Try getting reform proponents to answer health care questions

“Obamacare is to Medicare what ACORN is to [Child] Protective Services.”

That’s the line that was best received by the 600-plus person audience at a debate on Obamacare I participated in, along with University of Colorado Law School professor Paul Campos, Thursday night in Denver. Campos, who writes for The Daily Beast and is a reliable lefty, earned enormous points with the mostly hostile-to-Obamacare crowd simply for showing up to defend the general outlines of the various “reform” proposals under consideration by Congress.

That’s more than most Democratic members of Congress will do, and with reason. Obamacare can’t be defended if the right questions are asked of its proponents — questions almost never posed by the legacy media.

Our debate’s moderator was John Andrews, a former Colorado state senator, founder of the Independence Institute and now head of Colorado Christian University’s Centennial Institute. Andrews structured our exchange so that we could ask each other questions. And as would be the case in any setting, Obamacare cannot be defended against very simple, very direct questions.

Here are the handful of questions every sponsor of any version of Obamacare ought to be obliged to answer, in detail:

  • Can you specify, at least to the level of tens of millions, exactly where the $300 billion in cuts to Medicare proposed by the president will come from?
  • The president and his allies agree that the cost of Medicare Advantage programs will have to increase for seniors. By how much? Will those increases arrive annually?
  • The president and his allies agree that some Medicare services will have to be cut. Which services?
  • Forty-five percent of doctors responding to a recent Investors Business Daily/TIPP poll responded that if Obamacare passed, they would consider quitting or retiring. Do you believe them? Even if only a significant portion of these disgruntled doctors retire or quit as a result of the passage of Obamacare, won’t that make the delivery of health care much more difficult than it already is?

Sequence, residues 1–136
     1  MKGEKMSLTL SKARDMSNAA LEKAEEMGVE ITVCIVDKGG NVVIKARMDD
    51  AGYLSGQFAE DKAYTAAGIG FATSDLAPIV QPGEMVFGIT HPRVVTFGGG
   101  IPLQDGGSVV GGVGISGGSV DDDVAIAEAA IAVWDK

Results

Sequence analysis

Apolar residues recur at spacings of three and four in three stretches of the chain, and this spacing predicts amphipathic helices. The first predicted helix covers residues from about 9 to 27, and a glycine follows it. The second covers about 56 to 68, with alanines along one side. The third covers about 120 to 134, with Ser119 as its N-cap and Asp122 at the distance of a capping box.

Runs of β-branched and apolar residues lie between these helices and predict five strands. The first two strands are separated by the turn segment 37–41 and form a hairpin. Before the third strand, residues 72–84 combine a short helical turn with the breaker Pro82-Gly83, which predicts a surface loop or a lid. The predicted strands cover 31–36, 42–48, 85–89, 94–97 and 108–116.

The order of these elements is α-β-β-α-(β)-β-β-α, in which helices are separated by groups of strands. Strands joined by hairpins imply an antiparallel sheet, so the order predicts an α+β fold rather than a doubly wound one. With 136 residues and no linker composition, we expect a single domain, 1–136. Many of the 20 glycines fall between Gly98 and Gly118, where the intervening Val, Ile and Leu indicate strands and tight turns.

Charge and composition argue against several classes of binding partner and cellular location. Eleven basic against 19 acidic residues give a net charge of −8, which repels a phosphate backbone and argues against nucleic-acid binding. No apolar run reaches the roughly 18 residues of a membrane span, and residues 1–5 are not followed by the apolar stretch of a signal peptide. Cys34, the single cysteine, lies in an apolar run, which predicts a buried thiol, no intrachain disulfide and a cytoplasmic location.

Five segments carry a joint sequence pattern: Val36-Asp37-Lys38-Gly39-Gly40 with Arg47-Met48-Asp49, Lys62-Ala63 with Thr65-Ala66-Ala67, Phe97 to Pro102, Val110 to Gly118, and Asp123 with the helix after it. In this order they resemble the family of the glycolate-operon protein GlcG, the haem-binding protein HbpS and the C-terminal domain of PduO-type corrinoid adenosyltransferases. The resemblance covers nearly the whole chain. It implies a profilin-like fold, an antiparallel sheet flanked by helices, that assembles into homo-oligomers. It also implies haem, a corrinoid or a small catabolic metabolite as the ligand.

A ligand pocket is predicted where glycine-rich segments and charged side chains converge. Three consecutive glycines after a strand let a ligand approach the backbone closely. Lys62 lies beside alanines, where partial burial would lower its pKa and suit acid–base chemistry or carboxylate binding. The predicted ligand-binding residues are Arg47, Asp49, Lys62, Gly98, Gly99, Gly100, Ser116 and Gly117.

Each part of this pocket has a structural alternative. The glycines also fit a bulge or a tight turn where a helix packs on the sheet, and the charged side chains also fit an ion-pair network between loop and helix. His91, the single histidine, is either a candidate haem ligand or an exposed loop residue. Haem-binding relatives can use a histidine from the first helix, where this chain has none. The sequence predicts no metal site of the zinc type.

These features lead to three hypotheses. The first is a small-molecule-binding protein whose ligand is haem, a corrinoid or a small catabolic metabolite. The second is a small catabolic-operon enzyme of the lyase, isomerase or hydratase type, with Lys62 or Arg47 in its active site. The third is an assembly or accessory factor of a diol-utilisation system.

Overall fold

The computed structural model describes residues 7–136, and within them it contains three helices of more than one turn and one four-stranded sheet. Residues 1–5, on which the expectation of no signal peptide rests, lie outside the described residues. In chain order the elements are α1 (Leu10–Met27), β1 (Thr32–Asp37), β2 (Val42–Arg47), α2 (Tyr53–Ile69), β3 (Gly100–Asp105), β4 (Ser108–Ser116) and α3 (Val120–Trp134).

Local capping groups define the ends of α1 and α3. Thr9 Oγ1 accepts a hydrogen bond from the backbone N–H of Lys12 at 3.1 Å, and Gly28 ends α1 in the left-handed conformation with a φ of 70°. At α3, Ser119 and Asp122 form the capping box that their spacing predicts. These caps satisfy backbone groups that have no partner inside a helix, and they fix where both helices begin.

• The five-year survival rate of women with breast cancer in the U.S. is higher than that of women in Britain. The five-year survival rate for American men with any form of cancer is much higher than the same survival rate among all European men. How do you account for such a disparity?

Tens of millions of Americans who like their health insurance and didn’t vote to have it overhauled, even if they voted for “change,” are scared. Congressional Democrats ignore the deep, passionate and informed opposition to Obamacare at their political peril. Continued attempts to jam down this huge lurch to the left will result in a massive swing to the right in November 2010.

Examiner columnist Hugh Hewitt is a law professor at Chapman University Law School and a nationally syndicated radio talk-show host who blogs daily at www.HughHewitt.com.

MedicareObamaOp Edsop-edOpinion

If you find our journalism valuable and relevant, please consider joining our Examiner membership program.
Find out more at www.sfexaminer.com/join/

Just Posted

PG&E is locked in a battle with San Francisco city officials over the cost of connecting city projects using public power to the grid.<ins> (Courtesy photo)</ins>
SF challenges PG&E’s power moves

Utility uses expensive hookups to discourage public power use

Mayor London Breed said The City would pause reopening plans in order to “make sure we continue our cautious and deliberate approach.” <ins>(Kevin N. Hume/S.F. Examiner)</ins>
SF slows down reopening after COVID-19 cases rise

Restaurants no longer permitted to increase indoor dining capacity to 50 percent

Toilet (Shutterstock)
Table salt and poop: Testing for COVID-19 in S.F. sewage

The City’s sewers could provide an early warning of fresh outbreaks

A study published in the December 2016 Scientific Reports journal reveals that brain activity increases when people’s political beliefs are challenged. <ins>(Screenshot Scientific Reports)</ins>
Now is the time to make friends with enemies

We can be civil to others who have different political beliefs

Most Read